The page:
Topics: SpectraCell, serine, micronutrients, Coenzyme Q10, Antidepressants, Vitamin D, Vitamin C, Telomere testing, telomere, deficiency, micronutrient test, ADHD, Nutritional Deficiency, Heart Health, Nutrient, telomere test, Hormones, Aging, Reproductive Health, infertility, Testosterone, Women's Health

Nutrient Correlation Chart on Testosterone

Posted by SpectraCell Laboratories, Inc. on Thu, Apr 04, 2013 @ 02:39 PM

Folate Deficiency reduces circulating testosterone; Evidence suggests testosterone may Nutrient Correlation chart on Testosteroneregulate folate metabolism.1,2,3

Vitamin B6 Regulates sex hormones; Vitamin B6 reduces prolactin which stimulates hypothalamus to increase testosterone; B6 also a cofactor for dopamine synthesis which influences testosterone levels.4,5,6,7

Vitamin D Actually a hormone, vitamin D regulates the synthesis of testosterone; Supplementation can significantly increase total, free and bioactive testosterone levels. 8,9,10,11,12

Vitamin K Deficiency reduces testosterone production because the rate-limiting enzyme for testosterone synthesis (Cyp11a) is vitamin K dependent. 13,14,15

Vitamin E Long term administration of some forms of vitamin E may reduce testosterone levels.16,17

Vitamin C Studies suggest it protects prostate from testosterone induced tumors.18,19,20

Carnitine Boosts dopamine, which is directly related to testosterone levels; May prevent testosterone decline after intense physical stress.21,22,23,24

Magnesium Makes testosterone more biologically active in the body; Raises free and total testosterone levels in men.25,26,27

Zinc Deficiency lowers testosterone levels; Inhibits prolactin secretion (testosterone
inhibiting hormone); Supplementation increases testosterone depending on baseline levels.28,29,30,31

Click here to download your copy of the Nutrient Correlation chart on Testosterone

 

Topics: SpectraCell, zinc, folate, Vitamin D, Carnitine, Magnesium, Vitamin C, Vitamin E, Vitamin B6, Vitamin K, Vitamins, Nutrient, Hormones, Testosterone

SpectraCell's Clinical Updates - Volume 6, Issue 5

Posted by SpectraCell Laboratories, Inc. on Thu, May 31, 2012 @ 03:57 PM

Parkinson's DiseaseCLINICAL UPDATE - COQ10 A NEW BIOMARKER FOR PARKINSON'S DISEASE?
In this study, 22 patients with Parkinson’s Disease were compared to 88 age-matched controls that did not have Parkinson’s.  Functional levels of several antioxidants – coenzyme Q10, glutathione, selenium, vitamin E and lipoic acid – were measured using SpectraCell’s micronutrient testing.  A deficiency of CoQ10 occurred in 32% of Parkinson’s patients while only 8% of controls were deficient in coQ10.  Interestingly, this was not true for any other antioxidants, leaving authors to conclude that measuring coQ10 status could determine which Parkinson’s patients would benefit from coQ10 supplements, which has proven to slow the progression of Parkinson’s in various clinical trials. (Journal of Neurological Science, April 2012; Cochrane Database of Systematic Reviews, December 2011)

LINK to ABSTRACT Coenzyme Q10 deficiency in patients with Parkinson's disease.
LINK to ABSTRACT Coenzyme Q10 for Parkinson's disease.

Vitamin D and TestosteroneCLINICAL UPDATE - LOW VITAMIN D AND TESTOSTERONE IS A DEADLY COMBINATION
Testosterone and vitamin D was measured in over 2000 men. Those with a deficiency in both vitamin D and testosterone were more than twice as likely to have a fatal cardiovascular event and over 1 ½ times as likely to have a fatal event that was non- cardiovascular related. (Clinical Endocrinology, February 2012)

LINK to ABSTRACT Combination of low free testosterone and low vitamin D predicts mortality in older men referred for coronary angiography.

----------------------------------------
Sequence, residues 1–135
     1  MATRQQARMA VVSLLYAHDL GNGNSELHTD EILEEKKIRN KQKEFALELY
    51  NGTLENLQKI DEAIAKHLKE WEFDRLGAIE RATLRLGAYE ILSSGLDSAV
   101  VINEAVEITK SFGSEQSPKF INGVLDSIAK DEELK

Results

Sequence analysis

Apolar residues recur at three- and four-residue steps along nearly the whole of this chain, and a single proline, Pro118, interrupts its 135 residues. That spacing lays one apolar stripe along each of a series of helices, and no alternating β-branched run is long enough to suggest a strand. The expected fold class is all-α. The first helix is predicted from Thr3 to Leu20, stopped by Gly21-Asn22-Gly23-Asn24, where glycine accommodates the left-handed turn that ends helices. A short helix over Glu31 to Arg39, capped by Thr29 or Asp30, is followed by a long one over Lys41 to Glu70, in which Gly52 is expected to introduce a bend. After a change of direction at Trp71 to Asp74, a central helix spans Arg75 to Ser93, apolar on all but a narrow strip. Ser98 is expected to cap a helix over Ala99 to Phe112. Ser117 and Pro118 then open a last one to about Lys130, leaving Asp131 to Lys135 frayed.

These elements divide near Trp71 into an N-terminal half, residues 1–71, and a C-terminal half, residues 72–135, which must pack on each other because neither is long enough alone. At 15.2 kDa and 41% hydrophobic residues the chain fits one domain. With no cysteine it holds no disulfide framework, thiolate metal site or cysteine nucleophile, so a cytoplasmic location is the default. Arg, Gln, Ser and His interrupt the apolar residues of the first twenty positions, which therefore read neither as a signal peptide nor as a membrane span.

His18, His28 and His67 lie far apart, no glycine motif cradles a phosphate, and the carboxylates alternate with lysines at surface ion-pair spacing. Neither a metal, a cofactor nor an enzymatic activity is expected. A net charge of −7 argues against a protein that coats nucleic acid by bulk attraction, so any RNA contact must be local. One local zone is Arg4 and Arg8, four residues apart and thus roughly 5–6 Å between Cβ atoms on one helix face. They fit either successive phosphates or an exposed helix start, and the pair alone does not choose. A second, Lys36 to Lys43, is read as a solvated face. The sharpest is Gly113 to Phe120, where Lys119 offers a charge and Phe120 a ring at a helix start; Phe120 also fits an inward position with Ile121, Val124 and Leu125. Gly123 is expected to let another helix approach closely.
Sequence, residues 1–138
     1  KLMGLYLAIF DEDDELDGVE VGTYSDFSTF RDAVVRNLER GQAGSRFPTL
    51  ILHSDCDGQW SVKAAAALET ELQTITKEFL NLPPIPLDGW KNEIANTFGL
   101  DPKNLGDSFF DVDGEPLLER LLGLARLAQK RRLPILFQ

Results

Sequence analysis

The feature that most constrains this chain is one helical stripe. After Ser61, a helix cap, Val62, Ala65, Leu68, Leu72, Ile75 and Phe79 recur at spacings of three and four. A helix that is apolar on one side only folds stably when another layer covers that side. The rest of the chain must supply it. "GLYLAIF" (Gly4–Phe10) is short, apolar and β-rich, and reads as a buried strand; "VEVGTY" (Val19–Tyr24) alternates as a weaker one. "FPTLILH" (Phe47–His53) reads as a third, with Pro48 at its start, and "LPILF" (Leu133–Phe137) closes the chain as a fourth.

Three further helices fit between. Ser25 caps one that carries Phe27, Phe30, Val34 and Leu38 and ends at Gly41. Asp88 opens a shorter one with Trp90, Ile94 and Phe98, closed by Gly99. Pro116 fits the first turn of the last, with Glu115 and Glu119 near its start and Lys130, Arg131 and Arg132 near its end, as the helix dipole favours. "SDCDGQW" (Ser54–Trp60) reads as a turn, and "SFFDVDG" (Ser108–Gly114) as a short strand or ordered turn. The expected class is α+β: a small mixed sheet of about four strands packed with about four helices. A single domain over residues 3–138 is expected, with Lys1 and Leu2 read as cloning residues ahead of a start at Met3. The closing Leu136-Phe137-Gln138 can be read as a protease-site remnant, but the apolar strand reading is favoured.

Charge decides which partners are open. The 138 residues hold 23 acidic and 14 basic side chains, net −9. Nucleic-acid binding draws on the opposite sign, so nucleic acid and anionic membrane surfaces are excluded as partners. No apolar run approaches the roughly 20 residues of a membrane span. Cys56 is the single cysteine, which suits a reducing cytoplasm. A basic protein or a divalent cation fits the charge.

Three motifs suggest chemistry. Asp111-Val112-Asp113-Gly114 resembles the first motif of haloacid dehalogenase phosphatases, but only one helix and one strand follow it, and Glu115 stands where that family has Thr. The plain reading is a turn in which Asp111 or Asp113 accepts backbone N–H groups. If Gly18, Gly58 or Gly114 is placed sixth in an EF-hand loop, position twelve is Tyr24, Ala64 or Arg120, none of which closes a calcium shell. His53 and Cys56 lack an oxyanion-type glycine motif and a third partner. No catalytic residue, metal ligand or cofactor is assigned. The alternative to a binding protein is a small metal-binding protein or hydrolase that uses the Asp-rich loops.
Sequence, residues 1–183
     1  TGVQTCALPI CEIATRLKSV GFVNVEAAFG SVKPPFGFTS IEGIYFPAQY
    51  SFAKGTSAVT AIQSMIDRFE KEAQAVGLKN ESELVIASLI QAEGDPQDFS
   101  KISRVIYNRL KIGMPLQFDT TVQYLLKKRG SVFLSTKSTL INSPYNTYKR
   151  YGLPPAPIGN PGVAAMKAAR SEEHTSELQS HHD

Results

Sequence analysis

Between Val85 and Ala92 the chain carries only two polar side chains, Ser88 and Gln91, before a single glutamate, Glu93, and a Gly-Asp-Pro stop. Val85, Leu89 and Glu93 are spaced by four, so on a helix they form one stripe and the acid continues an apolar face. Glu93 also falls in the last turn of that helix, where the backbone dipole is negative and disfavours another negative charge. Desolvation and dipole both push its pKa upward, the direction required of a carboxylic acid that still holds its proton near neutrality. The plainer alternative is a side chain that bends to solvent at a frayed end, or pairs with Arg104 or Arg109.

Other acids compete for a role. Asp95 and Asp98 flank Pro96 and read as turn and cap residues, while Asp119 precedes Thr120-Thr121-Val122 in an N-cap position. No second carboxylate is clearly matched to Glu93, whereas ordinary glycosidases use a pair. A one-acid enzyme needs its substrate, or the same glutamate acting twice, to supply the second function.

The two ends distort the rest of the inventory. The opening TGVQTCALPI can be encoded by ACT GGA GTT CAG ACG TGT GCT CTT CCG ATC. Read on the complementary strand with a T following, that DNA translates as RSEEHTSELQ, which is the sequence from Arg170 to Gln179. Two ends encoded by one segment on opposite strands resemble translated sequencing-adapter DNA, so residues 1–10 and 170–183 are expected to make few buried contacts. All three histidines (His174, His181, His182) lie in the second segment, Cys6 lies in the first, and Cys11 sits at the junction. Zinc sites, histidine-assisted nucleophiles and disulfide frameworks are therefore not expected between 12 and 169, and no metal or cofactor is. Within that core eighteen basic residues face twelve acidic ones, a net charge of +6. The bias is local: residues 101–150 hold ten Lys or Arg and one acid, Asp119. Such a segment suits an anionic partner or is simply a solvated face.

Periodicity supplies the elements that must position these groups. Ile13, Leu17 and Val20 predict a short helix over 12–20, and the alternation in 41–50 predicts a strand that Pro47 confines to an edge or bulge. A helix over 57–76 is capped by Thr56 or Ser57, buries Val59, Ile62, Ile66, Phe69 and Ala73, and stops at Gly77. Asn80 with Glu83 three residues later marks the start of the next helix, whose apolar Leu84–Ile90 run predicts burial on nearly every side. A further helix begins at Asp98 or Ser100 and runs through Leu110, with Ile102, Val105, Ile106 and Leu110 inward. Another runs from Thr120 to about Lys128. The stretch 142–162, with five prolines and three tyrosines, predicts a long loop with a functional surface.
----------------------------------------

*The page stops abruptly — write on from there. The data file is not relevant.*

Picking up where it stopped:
DepressionCLINICAL UPDATE - SMALL CHANGES IN OMEGA 3 INDEX = BIG CHANGES IN DEPRESSION RATES
Omega 3 index and fatty acids were measured in 150 adolescents that had been hospitalized for depression and compared to 161 controls.  For a 1% increase in the omega 3 index, teenagers were 28% less likely to have severe depression.   The omega 3 index is a measure of eicosapentaenoic acid (EPA) and docosahexanoeic acid (DHA) in red blood cells, which is correlates to fatty acid content in other tissues as well. (Prostaglandins, Leukotrienes and Essential Fatty Acids, April 2012)

LINK to ABSTRACT Red blood cell fatty acids are associated with depression in a case-control study of adolescents.

Choline and OffspringCLINICAL UPDATE - CHOLINE STATUS OF MOM AFFECTS HORMONE LEVELS IN OFFSPRING
Pregnant women were given either 930 or 480 mg/day of choline in their third trimester.  After twelve weeks, the group with higher choline intake had babies with less cortisol in their blood, possibly to due improved methylation of DNA in the placenta, which was also measured.  The authors concluded that maternal choline intake affects genes in the offspring that regulate cortisol production. (Federation of American Societies for Experimental Biology, May 2012)

LINK to ABSTRACT Maternal choline intake alters the epigenetic state of fetal cortisol-regulating genes in humans.

Pain and ShinglesCLINICAL UPDATE - INTRAVENOUS VITAMIN C REDUCES SHINGLES PAIN
In this study, 16 practioners gave vitamin C intravenously to 67 patients with symptomatic herpes zoster pain.  The dosage was 7.5 grams per 50 mL administered for two weeks.  Pain and skin eruptions associated with the shingles (herpes zoster) virus were significantly reduced for up to 12 weeks following injections. (Medical Science Monitor, April 2012)

LINK to ABSTRACT Intravenous Vitamin C in the treatment of shingles: Results of a multicenter prospective cohort study.
 
Trans FatsCLINICAL UPDATE - TRANS FATS LINKED TO AGGRESSION
Dietary intake of trans fat was estimated (via dietary survey) on 945 men and women and each rated their irritability and aggressive behaviours with a standardized test.  The authors of the study concluded that ‘this study provides the first evidence linking dietary trans fatty acids with behavioural irritability and aggression.” (PLoS One, 2012)

LINK to ABSTRACT Trans fat consumption and aggression.
LINK to FREE FULL TEXT

Browse our archive of all past clinical updates from the past 6 years!



Topics: Coenzyme Q10, Vitamin D, Choline, Vitamin C, Omega 3 Fatty Acid, Depression, Aggression, Hormones, Testosterone, Shingles, Trans Fats, Parkinsons disease